Why Alzheimer’s Patients/Families Should Fundraise and Advocate

So proud to be an Alzheimer’s Elite Grand Champion once again (this is my 5th time). What does it mean to be an Alzheimer’s Champion? A Champion is someone It means that you walk in the Walk to End Alzheimer’s and raise over $1000 in donations. In my case I have achieve Elite Grand Champion status because I have raised over $3K this year.

This is important to me for many reasons. I initially got involved in the Walk to End Alzheimer’s when my Mom had Alzheimer’s. I walked on her behalf and raised funds to help find a cure. I now walk because a year and a half ago at 57 years old, I was diagnosed with Early Onset Alzheimer’s. Not only do I want to find a cure, I need to find a cure, and soon.

When I used to walk when my Mom was alive I would raise between $500-$750 annually. When I announced publicly on Facebook and to my friends and family that I also had Alzheimer’s and requested them to sponsor me for the walk I have raised between $5K-$10K each year. I guess I am an Alzheimer’s whore. I will do anything I can to help raise money to find a cure that will benefit me and so many others. People don’t actually care if you walk in the walk (if your not able to, but I love it because it’s a very emotional and enjoyable event). What people who donate care about is me, the person, and that I am sharing such a personal story about my life, and sharing how I am trying to overcome it and beat it. Just think how much we could raise if every abled minded Alzheimer’s patient would do this! Heck, we just might find a cure!

When I first found out I had Alzheimer’s I already knew the deck was stacked against me. Not only is there no cure for the disease, but I have a heart condition, and just had cancer. I do not qualify for any clinical trials or studies due to my medical conditions. My doctor confirmed that my situation is pretty grave. Rather than sitting around and feeling sorry for myself (which I rarely do), I decided to fight, and fight like hell. I decided to become an Alzheimer’s Advocate. I went to the Alzheimer’s Association and started attending their meetings. I did research and found out who are the influencers in the Alzheimer’s world and I became friends with them. I started facilitating Alzheimer’s meetings. I reached out to Alzheimer’s researchers online, Alzheimer’s advocates on Facebook and established relationships. I started doing interviews like the one I did with Lori LeBay on Alzheimer’s Speaks Radio, and also one with Chuck Gaidica/Alzheimer’s voices, and Betsy Wurtzel with Chatting with Betsy My favorite interview was with Being Patient regarding a very difficult topic “Wanting to die with dignity“.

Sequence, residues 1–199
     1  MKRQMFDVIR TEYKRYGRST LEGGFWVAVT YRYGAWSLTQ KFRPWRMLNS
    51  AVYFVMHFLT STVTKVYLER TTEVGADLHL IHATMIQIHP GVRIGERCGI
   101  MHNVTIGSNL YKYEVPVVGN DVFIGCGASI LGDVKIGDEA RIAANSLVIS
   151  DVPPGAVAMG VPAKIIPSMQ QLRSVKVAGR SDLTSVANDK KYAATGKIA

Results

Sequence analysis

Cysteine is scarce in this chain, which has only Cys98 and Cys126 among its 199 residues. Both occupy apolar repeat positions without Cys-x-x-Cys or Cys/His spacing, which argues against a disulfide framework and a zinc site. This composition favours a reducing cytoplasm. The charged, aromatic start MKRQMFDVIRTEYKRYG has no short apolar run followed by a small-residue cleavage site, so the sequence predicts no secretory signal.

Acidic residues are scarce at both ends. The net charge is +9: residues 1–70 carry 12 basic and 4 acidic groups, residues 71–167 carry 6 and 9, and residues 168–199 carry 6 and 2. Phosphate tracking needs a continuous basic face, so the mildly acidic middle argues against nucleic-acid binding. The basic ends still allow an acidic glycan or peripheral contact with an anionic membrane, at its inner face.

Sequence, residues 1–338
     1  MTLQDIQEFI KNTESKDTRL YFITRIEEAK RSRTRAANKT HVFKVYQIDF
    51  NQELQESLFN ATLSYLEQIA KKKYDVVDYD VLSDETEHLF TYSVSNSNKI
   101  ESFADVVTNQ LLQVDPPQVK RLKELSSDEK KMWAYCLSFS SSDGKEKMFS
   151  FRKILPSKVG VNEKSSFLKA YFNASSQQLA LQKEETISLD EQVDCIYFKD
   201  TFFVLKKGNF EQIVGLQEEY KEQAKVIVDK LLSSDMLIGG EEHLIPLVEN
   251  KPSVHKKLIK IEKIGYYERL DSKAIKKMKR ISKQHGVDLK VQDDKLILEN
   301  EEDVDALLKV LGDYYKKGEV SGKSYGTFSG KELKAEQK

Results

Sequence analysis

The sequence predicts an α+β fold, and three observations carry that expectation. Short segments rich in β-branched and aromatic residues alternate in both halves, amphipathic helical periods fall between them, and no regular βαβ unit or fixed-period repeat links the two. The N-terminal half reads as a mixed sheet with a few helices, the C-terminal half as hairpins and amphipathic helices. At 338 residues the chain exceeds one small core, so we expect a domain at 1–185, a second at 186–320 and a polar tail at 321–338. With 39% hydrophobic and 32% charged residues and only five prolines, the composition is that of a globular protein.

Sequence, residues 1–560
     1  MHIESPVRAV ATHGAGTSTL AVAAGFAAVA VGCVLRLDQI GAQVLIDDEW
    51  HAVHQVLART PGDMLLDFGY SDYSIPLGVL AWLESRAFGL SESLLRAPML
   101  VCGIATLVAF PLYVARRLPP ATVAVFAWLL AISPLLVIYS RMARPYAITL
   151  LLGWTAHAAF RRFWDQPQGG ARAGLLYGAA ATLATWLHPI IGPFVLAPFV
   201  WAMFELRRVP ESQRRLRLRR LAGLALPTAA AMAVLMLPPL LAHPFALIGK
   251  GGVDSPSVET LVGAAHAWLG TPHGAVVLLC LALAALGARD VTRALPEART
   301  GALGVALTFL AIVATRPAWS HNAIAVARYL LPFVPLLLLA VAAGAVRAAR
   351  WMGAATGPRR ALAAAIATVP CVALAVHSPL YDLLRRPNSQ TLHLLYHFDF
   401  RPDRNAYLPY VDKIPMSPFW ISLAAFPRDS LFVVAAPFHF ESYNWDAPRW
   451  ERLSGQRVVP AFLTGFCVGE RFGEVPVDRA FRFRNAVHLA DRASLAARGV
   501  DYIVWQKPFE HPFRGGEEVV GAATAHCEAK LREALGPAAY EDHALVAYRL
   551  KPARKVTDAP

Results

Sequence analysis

So where has all this advocacy gotten me? I would venture to guess that I am much better informed about this disease than most people are with Alzheimer’s. I have also established a network of friends who also have the disease or have recently lost someone to Alzheimer’s. More importantly, I have established contacts within the Alzheimer’s medical community of doctors and researchers who now know who Kelly is and know what my medical concerns are and are actively trying to help me. I cannot participate in any medical trials due to my medical conditions, so I need all the help I can get. I am NOT going down without a fight. My neurologist says she has never seen anyone as proactive as me, and determined to beat this thing. If I can’t save myself, I can damn sure help save future generations.

Not today, Alzheimer’s, not today! Please consider donating to my Alzheimer’s Walk and help find a cure. Thanks!

2 thoughts on “Why Alzheimer’s Patients/Families Should Fundraise and Advocate

  1. Thank you for going Public

    And Bless you along your Journey 💜❤

    Im 52
    Diagnosed at 47

    Going public is Great for Awareness
    To raise Funding for Research in our Country

    All types of Dementia funding and research should be on the same level as Heart Disease
    Cancer
    Diabetes and AIDS

    Again Thank You

    Like

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